I can tell you from personal experience that this technique works. I once hid behind a display of Seasonal Beers of the World for 10 minutes until I could remember the name of my high school guidance counselor, who was browsing the liquor shelves. He once told me that I wasn’t working up to my potential. I guess I showed him.
Another useful strategy is Denial. There are times when it seems prudent to evade the consequences of a lapse in memory. For example, if you have been married for twenty-seven years, and at midnight of the day before your anniversary you suddenly become aware of the looming catastrophe, you may feel that some denial is in order. You may report to your wife a deep need to rush to the drugstore to buy something for the rasping cough that started five minutes ago. You shouldn’t let yourself feel too guilty over this dissembling. Remember, it is only because of aging men with unreliable memories that drug stores sell candy and flowers, and why they stay open 24 hours in the first place. Our bad memories help to create jobs. That’s our story, and we’re sticking to it.
The technique of Strategic Substitution is taken directly from political discourse, where it has been a reliable way to obscure reality for generations. The point is to substitute something you do want to talk about for something you don’t. For example, a political candidate may find himself confronted by a reporter who tells him, “Sir, we have come into possession of a video that shows you escorting two goats into your private chambers. What do you have to say to that?” The experienced candidate will respond, “My opponent’s so called jobs plan clearly violates the third clause of the Taft-Hartley Act. What does he have to say about that?”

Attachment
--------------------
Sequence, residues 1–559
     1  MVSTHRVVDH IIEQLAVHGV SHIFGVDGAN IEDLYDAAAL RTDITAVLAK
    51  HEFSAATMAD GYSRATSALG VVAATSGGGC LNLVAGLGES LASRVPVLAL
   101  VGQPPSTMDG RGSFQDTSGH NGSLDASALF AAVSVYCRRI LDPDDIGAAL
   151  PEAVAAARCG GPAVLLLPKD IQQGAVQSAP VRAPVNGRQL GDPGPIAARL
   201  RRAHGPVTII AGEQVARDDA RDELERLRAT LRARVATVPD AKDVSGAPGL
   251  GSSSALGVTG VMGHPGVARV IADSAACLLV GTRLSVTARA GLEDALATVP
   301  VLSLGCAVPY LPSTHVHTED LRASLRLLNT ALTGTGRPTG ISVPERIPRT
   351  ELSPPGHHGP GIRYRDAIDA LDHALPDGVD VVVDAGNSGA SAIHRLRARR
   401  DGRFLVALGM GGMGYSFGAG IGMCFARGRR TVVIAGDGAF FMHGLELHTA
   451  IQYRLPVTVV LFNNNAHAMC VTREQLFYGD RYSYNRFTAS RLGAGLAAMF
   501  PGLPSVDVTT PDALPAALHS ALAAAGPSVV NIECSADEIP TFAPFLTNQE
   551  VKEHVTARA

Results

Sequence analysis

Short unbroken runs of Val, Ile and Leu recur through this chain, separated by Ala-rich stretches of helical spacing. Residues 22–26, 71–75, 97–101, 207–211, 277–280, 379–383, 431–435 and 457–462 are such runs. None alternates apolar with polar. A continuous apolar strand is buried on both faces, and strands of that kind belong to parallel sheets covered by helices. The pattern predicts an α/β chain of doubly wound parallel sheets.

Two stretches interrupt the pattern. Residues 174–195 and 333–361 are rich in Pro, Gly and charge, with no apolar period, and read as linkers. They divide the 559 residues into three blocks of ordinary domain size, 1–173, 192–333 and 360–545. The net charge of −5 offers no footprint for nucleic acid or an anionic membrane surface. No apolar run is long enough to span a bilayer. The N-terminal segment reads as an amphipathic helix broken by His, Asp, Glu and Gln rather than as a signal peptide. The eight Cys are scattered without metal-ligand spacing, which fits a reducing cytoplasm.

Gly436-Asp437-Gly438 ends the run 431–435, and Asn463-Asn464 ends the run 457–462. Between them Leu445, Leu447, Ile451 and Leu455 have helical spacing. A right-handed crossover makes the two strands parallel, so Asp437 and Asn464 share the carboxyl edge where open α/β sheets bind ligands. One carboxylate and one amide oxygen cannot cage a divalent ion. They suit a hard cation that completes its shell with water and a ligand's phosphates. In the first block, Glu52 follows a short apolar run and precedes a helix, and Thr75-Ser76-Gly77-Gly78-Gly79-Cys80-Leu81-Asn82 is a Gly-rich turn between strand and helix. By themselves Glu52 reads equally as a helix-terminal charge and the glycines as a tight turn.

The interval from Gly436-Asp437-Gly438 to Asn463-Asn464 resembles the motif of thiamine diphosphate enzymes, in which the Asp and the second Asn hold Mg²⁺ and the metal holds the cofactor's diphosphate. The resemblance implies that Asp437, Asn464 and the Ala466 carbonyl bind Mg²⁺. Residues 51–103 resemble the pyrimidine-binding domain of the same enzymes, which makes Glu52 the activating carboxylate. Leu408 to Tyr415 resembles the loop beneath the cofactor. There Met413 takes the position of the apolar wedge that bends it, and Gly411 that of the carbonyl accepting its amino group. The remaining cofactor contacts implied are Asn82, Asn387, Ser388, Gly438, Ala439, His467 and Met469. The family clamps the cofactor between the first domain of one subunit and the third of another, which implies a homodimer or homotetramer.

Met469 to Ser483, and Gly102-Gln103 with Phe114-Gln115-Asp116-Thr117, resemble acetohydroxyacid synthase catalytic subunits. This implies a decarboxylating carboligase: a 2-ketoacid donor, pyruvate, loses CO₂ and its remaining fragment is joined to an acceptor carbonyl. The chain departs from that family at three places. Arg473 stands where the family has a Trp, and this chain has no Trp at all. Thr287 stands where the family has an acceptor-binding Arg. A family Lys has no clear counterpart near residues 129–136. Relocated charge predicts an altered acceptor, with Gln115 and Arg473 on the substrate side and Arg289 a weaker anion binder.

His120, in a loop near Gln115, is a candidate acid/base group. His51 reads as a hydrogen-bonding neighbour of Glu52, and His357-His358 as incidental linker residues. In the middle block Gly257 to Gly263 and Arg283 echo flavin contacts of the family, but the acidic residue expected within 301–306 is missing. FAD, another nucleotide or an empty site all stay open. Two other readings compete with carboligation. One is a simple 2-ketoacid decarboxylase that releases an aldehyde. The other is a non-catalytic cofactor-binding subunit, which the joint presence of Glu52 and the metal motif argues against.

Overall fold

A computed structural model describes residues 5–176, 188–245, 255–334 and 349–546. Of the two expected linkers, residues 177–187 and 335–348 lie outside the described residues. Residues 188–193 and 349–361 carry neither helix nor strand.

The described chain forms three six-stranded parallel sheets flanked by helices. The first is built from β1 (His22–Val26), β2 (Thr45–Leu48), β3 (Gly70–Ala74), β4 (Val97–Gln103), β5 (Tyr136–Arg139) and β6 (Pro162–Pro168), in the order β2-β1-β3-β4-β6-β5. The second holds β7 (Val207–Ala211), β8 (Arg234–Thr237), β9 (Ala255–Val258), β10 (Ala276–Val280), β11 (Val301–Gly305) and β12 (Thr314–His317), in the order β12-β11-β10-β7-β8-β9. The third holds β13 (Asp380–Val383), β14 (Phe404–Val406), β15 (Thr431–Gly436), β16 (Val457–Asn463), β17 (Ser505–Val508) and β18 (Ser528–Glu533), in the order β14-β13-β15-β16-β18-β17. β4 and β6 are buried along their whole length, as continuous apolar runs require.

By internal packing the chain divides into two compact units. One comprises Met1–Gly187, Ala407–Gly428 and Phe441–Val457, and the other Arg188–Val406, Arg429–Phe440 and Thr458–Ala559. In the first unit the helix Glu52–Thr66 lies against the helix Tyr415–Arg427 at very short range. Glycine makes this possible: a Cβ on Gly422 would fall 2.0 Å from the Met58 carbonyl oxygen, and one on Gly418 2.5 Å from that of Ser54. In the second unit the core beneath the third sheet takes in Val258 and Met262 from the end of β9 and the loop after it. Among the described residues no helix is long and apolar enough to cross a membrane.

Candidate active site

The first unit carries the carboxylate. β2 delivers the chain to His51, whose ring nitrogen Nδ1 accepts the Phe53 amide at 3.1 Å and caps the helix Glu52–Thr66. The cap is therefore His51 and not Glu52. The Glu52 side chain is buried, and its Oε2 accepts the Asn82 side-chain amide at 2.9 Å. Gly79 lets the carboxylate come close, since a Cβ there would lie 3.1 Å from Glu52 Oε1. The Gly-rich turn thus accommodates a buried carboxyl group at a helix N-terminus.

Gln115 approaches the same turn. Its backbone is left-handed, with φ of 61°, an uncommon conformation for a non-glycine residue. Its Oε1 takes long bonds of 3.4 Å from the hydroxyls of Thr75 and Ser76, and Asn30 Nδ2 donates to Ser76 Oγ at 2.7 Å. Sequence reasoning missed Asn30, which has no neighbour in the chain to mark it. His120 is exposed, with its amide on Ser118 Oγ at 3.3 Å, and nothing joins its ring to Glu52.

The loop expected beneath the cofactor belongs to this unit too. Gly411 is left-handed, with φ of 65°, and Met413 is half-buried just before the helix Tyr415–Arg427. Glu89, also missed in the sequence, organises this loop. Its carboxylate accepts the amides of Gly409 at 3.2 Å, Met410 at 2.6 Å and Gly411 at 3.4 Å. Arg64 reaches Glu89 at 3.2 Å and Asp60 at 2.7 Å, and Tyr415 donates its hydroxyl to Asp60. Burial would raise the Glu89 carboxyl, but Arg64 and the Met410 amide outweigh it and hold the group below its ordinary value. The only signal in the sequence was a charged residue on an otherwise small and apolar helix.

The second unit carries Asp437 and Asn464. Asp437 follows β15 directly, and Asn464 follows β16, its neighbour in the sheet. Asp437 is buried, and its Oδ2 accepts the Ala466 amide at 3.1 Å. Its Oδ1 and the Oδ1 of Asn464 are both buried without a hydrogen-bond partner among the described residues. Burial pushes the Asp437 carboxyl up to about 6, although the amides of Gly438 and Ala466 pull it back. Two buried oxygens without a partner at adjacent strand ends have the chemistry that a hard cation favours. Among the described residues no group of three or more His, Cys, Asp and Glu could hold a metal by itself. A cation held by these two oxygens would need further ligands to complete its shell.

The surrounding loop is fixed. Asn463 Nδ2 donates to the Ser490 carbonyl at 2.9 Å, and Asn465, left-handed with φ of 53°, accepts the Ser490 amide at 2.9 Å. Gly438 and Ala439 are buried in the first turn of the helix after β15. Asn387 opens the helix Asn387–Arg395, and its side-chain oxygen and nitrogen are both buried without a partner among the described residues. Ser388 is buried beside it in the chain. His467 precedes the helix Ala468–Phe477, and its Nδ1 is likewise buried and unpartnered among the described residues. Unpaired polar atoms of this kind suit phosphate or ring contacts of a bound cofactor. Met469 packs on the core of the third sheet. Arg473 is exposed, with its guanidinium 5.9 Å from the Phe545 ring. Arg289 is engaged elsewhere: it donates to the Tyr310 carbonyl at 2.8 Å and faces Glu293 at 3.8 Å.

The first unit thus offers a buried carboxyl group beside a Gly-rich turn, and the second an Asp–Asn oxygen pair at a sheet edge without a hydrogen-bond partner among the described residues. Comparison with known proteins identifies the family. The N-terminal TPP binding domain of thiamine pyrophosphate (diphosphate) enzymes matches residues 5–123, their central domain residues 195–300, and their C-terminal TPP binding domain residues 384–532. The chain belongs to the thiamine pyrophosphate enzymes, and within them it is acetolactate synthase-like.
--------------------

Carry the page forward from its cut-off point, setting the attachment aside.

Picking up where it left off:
We seniors also use strategic substitution when we are trapped and at a loss. Recently, a friend of mine attended her high school reunion. A woman approached her, took both her hands, and said with great feeling, “I have always tried to follow the life lessons that our English teacher, Mrs. Hargrove, taught us. I treasure the memory of the discussions that you and I had afterward in the cafeteria. Wasn’t that just the best?”
My friend found herself at a bit of a disadvantage. She had no recollection at all of this woman. She remembered nothing about any English class, except the one taught by that guy with the little moustache who looked at her in a creepy sort of way. But none of that really mattered. She had Strategic Substitution to fall back on. “Oh yes,” my friend enthused. “And I remember how you loved those pretzels they had in the snack machine. Any time today I eat a pretzel I think of our Mrs. Hargrove.”
There are many ways to cope with the day to day pressures of fading memory. We are all in this together. It is important that we use our fading memories to maximum advantage. As the philosopher George Santayana wisely said, “Those who cannot remember the past are condemned to reheat it. . . or refinance it . . . or something.”
It will come to me.